And those two things don’t really count.

See, meeting the Higginses was necessary. He befriends them, and they’re his way into the world of major drug dealing.

And seeing the ravages of meth addiction is critical to character development. One of the things I really like about Robert Crais’s characters—and I’m referring to his major characters of Elvis Cole and Joe Pike here—is that he gets us inside their heads. Even as the world is going to shit around them and they’re dealing with some truly dangerous people—they’ve gone up against Russian Mafia and LA gangstas—things are going on inside them that make us root for them not only on the plot points, but on a personal level as well.

That’s what I want from my novels. Mr. Crais has stretched the boundaries of the crime novel, and I want to follow him into that unexplored territory.

Unfortunately, I forgot the essential: he still writes a damn good crime novel. The other stuff is subplot, not main plot. I let character take center stage. Fine of you’re writing literary fiction, but I’m not. Spree definitely does not qualify for that, not by any stretch. And I don’t want to enter that snobby world anyway.

It’s ironic that this should happen to me—and I’m referring to my previous post entitled “Keep It Moving, Just Not Too Much”—since I’ve complained about just this kind of thing. I can’t objectively say whether or not my novel moves, but I can say that, in my opinion, Lyle definitely moves through that part, he just doesn’t do it in a compelling way. It’s more like he went into an art gallery and he’s wandering around looking at paintings, deciding what he likes and what he doesn’t on a whim. He’s not there as a critic, not seeing the overall theme that art showings are supposed to have (I can’t attest to this as I’m a lowbrow who doesn’t go to art showings).

Lyle just kinda ambles through things until he accidentally hits on a turn in the plot.

That could be excused in the first draft. For that part of the story, he’s exploring because I was exploring. I was getting to know him as I wrote, and I was trying to figure out how to aim him in the direction he needed to go. The need to just write the damn story overwhelmed other things. A telling point there is that here we had a novel that I intended to have come in around 90,000 words end up being two novels long.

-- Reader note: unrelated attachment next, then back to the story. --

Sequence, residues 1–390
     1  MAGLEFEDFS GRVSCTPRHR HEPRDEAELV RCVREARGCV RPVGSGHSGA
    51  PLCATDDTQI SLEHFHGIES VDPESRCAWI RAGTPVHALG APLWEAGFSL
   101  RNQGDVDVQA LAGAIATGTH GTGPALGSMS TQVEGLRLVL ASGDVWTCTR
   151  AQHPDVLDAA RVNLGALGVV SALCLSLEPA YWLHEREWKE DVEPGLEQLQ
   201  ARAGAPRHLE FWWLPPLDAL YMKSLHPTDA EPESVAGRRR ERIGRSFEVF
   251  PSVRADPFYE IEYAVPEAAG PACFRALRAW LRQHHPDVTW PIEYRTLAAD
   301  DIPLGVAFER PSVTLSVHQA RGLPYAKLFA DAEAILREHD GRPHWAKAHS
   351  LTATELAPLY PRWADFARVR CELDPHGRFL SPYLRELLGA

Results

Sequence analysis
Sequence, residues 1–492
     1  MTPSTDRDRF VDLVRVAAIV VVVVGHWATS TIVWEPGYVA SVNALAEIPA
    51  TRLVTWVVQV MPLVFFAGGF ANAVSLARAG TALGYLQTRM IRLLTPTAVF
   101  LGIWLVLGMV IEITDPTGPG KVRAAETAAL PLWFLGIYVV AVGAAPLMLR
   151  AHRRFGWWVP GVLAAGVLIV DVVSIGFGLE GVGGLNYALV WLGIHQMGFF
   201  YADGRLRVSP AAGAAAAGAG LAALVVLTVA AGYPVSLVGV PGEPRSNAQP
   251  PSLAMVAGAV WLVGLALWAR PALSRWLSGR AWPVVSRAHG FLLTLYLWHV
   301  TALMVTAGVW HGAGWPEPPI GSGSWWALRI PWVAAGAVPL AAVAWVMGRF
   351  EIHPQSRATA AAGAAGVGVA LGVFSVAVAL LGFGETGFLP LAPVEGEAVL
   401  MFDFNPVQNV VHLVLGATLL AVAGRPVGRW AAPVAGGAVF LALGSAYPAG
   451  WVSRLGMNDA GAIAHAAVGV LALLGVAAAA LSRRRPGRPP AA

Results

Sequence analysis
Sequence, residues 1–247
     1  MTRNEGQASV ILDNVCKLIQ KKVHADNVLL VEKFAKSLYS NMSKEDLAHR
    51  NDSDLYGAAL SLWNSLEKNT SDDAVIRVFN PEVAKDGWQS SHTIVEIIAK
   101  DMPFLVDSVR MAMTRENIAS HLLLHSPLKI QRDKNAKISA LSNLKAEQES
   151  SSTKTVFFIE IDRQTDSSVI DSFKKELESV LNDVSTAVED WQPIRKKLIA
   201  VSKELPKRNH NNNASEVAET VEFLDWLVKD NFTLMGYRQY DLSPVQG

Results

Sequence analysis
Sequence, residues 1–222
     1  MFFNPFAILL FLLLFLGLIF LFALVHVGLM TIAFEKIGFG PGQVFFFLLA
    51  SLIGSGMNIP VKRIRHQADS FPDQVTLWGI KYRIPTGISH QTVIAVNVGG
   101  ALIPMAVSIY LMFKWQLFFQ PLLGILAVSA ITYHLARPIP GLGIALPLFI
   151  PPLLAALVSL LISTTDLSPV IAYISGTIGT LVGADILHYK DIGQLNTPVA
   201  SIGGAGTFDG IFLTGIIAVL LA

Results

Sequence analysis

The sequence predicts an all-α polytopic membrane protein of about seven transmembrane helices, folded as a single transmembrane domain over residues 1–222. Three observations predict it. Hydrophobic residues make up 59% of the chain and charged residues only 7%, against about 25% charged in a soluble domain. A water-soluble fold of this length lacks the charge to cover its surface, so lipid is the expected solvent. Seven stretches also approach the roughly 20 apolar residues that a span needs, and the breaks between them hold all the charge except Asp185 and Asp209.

One of the hazards of writing seat-of-the-pants.

But, on edit, I should have seen this lack of action for what it was and corrected it. I didn’t. I do now, of course, but we all know what hindsight’s like. You smack yourself on the forehead—I’ve only done that figuratively so far—and wonder how in hell you coulda missed that. Especially when you bitched about it on a blog post, right out there where all and sundry can read it.

Hmm. Never realized what crow tasted like. Not to this extent, anyway. It’s one thing to eat it in front of one friend, but in front of my (admittedly limited) readership? Gah.

This one’s getting long, but I’d like to take a moment to thank the members of my writing group for their suggestions, all of which I’m taking into consideration. Some won’t work because of story structure, while others…well, I just have to figure out how to incorporate them into the story.

The good news? It’s not a major rewrite. Mr. Priest has a point, but things do start picking up after that. I’ll still look at it more closely, see if there’s a way to improve on what’s there. No, let me re-phrase that: see how best to improve on what’s there.

One last thing: There’s a feeling that runs through all of Mr. Crais’s novels that I haven’t—until now—been able to quite name. It’s there no matter what his characters are doing, and it’s something that goes beyond the fully realized world or the situations his characters find themselves in. It’s what makes me admire his work, and I’d love to incorporate it in my work, because it’s what makes his so compelling.

Now I know what it is: menace. I originally considered that it was danger, but that’s too blatant, too obvious, and it didn’t feel right. It’s menace, man. They brush up against the dark side of society each and every day, and they get on with the good things in life anyway.

That’s what my books need: menace. Lyle’s fallen into the world of crime, whether he wanted to or not, and he’s gotta deal with that for the rest of his life. Time for me to make him deal with it.

Good rejection. There is such a thing.

Later,

Gil

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2 Comments

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2 responses to “Good Rejection

  1. I enjoyed reading your thoughts about rejection, and what different rejections mean.

    • Thanks. It can be tough when you get them. You just have to learn how to deal with them and not take them personal. And when you’re lucky enough to get one with feedback like this one, it’s one of the best things that can happen.